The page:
It's still unclear why the LCB needs this new $150,000-a-year position, and what particular expertise Conti brings to run a $1.6 billion-a-year operation with 4,500 employees. Nothing against Conti's service as a legislator, but this appointment looks more like another taxpayer-funded soft landing than a smart business move.
It is hoped that hearings planned by state Sen. John Rafferty (R., Bucks), chairman of the Law and Justice Committee, which oversees the LCB, will clear up lingering questions. Among them are why the governor felt it was necessary to install Conti with such haste and without making the case of the need for the post, and whether the LCB was wasting money.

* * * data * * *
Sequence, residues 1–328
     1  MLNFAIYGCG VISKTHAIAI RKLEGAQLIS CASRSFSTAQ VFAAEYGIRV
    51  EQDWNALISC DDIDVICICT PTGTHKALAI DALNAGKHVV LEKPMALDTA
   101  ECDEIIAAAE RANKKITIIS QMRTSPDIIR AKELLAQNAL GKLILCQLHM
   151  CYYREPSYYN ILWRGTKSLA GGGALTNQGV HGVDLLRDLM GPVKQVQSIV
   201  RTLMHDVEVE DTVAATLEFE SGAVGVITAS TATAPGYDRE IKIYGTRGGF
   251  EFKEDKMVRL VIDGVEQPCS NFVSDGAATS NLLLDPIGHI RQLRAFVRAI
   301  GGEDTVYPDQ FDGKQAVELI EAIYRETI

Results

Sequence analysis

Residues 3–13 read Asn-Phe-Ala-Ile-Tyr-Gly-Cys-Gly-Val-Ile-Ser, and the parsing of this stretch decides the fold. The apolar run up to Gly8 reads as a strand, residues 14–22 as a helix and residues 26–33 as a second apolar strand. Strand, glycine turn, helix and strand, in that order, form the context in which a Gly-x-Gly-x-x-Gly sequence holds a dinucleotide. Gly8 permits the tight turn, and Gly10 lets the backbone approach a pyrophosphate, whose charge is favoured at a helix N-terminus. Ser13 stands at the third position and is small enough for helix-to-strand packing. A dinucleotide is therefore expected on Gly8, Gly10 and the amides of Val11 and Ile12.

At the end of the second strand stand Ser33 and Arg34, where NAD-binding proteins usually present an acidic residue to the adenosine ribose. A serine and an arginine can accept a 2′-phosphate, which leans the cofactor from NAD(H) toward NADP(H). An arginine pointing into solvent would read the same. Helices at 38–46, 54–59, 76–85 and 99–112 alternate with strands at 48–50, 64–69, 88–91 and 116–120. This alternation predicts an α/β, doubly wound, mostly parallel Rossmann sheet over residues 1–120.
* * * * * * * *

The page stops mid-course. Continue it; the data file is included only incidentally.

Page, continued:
And if the LCB needs to be run more like a business, as the governor contends, shouldn't the state seriously consider privatizing the operation?
Under Newman's leadership, the agency has made great strides on behalf of consumers. He used the state's bargaining power to bring a broader variety of wines from around the world to state stores at low prices. He helped to create wine festivals in Philadelphia and Pittsburgh, and expanded online sales. During his 4 1/2-year tenure, state stores opened for Sunday hours, as well.
The new LCB chairman, P.J. Stapleton, pledges to trim costs and improve services. Whether Conti and the board can make this cash cow even more profitable, they should follow Newman's innovative path, which has benefited consumers.